Derek Colling, a deputy in the Albany County Sheriff’s Office, will not be indicted for the November fatal shooting of Laramie man Robbie Ramirez.
A grand jury convened by Albany County Attorney Peggy Trent opted not to indict Colling for involuntary manslaughter this week.
Trent said this was the first time a grand jury has ever been convened in Wyoming for an officer-involved shooting.
“The results of the grand jury were very expected given the undisputed facts of the case,” said Tom Jubin, Derek Colling’s attorney. “Derek did what he had to do. He feels great sadness over the fact that he had to take a life to do his job. He has expressed sympathy for Robbie’s family.”
Grand juries can, at the request of a prosecutor, make the decision on whether criminal charges should be filed in a case.
Before the grand jury made its decision Thursday, Trent presented evidence over the course of two days.
That evidence included crime scene photos, video footage form Colling’s body camera and dashboard camera, recordings of radio traffic, toxicology reports, autopsy report photos, an audio interview with Colling, and “expert reports on the use of force” from Non-Lethal Defense, Inc., of Casper, and Daigle Law Group of Southington, Connecticut.
Trent said in a press release that a grand jury was the most appropriate course of action to allow “citizens to examine evidence and testimony to determine whether the actions or inactions by law enforcement in using deadly force are within and consistent with the general industry standard for officer involved shootings and whether in this instance actions were within Albany County Sheriff’s Office policy and training guidelines and met with national use of force training standards.”
“This process provides a means for accountability of law enforcement agencies and officers to ensure local policies and national standards are adhered to when deadly force is used,” Trent’s press release states.
Albany County Sheriff David O’Malley did not immediately respond to a request for comment Thursday afternoon.
The grand jury decision comes six days after a forum held by Albany County for Proper Policing, a group created in the wake of Ramirez’s death.
At that forum, Laramie residents discussed possible changes to training at the sheriff’s office. The group also explored the possibility of a “community accountability board,” which would oversee local policing.
Grand juries may have been commonplace in the early history of Wyoming, but they’ve since become exceedingly rare.
Eliza Stewart Boyd famously became the first American woman to sit on a jury in 1870. Her achievement came as part of a grand jury in Laramie.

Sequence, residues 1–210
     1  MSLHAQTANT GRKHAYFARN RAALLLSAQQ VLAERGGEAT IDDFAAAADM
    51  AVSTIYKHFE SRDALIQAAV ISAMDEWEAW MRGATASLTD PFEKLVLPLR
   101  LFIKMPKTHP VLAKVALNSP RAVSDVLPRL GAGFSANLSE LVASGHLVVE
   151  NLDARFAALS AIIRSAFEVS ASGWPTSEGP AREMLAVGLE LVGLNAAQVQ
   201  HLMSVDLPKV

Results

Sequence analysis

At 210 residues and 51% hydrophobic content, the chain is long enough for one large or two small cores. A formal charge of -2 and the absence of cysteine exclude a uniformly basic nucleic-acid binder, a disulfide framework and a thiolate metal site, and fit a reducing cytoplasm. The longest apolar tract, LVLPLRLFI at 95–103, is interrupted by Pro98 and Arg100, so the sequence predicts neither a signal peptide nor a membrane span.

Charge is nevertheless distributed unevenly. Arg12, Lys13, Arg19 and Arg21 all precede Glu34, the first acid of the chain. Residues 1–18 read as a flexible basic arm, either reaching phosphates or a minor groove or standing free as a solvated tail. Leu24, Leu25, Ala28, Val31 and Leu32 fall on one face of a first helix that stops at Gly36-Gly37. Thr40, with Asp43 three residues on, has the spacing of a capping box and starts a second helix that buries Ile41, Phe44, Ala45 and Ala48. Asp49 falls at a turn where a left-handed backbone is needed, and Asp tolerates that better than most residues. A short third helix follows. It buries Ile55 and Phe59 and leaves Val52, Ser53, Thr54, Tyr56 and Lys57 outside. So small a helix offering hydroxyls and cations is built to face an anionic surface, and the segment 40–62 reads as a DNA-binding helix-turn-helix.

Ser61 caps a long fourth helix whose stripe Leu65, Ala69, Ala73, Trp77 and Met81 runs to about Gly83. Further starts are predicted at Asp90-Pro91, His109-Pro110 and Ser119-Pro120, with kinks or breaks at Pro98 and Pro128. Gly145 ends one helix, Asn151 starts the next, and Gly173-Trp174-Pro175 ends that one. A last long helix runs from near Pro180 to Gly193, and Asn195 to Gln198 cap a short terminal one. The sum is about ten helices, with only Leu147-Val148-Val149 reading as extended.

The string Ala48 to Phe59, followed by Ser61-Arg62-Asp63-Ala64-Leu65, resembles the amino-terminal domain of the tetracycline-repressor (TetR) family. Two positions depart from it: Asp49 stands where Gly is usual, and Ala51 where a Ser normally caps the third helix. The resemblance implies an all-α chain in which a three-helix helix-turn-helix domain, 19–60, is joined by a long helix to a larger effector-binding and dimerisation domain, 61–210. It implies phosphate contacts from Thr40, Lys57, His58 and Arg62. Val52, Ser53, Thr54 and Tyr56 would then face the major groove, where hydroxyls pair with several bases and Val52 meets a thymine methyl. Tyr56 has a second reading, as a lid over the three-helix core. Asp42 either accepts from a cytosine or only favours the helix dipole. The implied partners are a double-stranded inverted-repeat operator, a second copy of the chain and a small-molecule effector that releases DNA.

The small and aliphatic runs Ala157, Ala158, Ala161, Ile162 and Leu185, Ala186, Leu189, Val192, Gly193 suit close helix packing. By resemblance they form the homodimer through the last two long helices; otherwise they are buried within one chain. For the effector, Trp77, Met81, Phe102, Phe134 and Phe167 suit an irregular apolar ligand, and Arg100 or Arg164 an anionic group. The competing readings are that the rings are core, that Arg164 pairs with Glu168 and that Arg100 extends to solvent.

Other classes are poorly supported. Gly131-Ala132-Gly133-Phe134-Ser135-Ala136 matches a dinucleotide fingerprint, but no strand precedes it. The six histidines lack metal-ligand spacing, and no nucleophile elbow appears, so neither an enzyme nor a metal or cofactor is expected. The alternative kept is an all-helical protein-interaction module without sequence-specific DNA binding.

Albany County Clerk of District Court Janice Sexton said there has not been a grand jury convened at the Laramie courthouse since at least before January 1992. That’s when the office’s longest tenured employee, Stacy Lam, began work there.
“I don’t think we’ve ever had one,” Sexton said.
She knows of only three counties — Natrona, Laramie and Campbell — where county employees can remember a grand jury being convened.
Julie Goyen, spokeswoman for the Wyoming Administrative Office of the Courts, told the Laramie Boomerang she wasn’t sure if there are even records at the state level of when a grand jury has been convened.
The proceedings of a grand jury — and even its existence — are shrouded in secrecy.
In all Albany County District Court jury trials, a clerk from Sexton’s office sits in on all proceedings. A clerk is there even for a juvenile trial, from which all members of the public are barred.
But not for a grand jury. Sexton’s staff was responsible for getting a jury pool to show up this week. They had about 55 potential jurors show up on Monday — a little higher than the standard of 48.
After that point, no one from Sexton’s office sits in on the proceedings.
“We all are still learning about this grand jury thing,” she said.
Her staff, as well as jurors, are sworn to secrecy.
Under Wyoming statute, members of a grand jury are required to “keep secret matters occurring before the grand jury unless disclosure is directed or permitted by the court.”
During a Nov. 4 traffic stop, Colling fatally shot Ramirez near Garfield Street, between 21st and 22nd streets.
Colling, who has since been placed on administrative leave, also fatally shot a teenager in 2009, then was later fired from the Las Vegas Metropolitan Police Department in 2011 after beating a man who was filming police.
Colling was born and raised in Laramie. Ramirez, 39, had a variant of schizophrenia and his family told the Laramie Boomerang that Colling knew Ramirez and was aware of his mental health issues.